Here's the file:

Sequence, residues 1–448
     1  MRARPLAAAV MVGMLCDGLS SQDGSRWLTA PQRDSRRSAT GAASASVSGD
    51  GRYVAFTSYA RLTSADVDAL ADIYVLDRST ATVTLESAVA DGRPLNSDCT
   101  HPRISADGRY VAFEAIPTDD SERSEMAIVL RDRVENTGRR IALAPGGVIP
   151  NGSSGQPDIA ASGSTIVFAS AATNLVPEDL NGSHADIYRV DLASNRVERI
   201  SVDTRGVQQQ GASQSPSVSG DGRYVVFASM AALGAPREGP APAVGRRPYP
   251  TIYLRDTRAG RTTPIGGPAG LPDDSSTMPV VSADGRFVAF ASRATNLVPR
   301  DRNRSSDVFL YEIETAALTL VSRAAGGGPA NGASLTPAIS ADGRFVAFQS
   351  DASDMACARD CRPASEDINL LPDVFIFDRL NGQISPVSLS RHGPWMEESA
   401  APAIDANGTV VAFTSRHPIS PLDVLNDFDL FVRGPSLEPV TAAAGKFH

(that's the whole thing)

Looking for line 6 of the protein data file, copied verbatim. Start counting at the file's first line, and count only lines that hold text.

   201  SVDTRGVQQQ GASQSPSVSG DGRYVVFASM AALGAPREGP APAVGRRPYP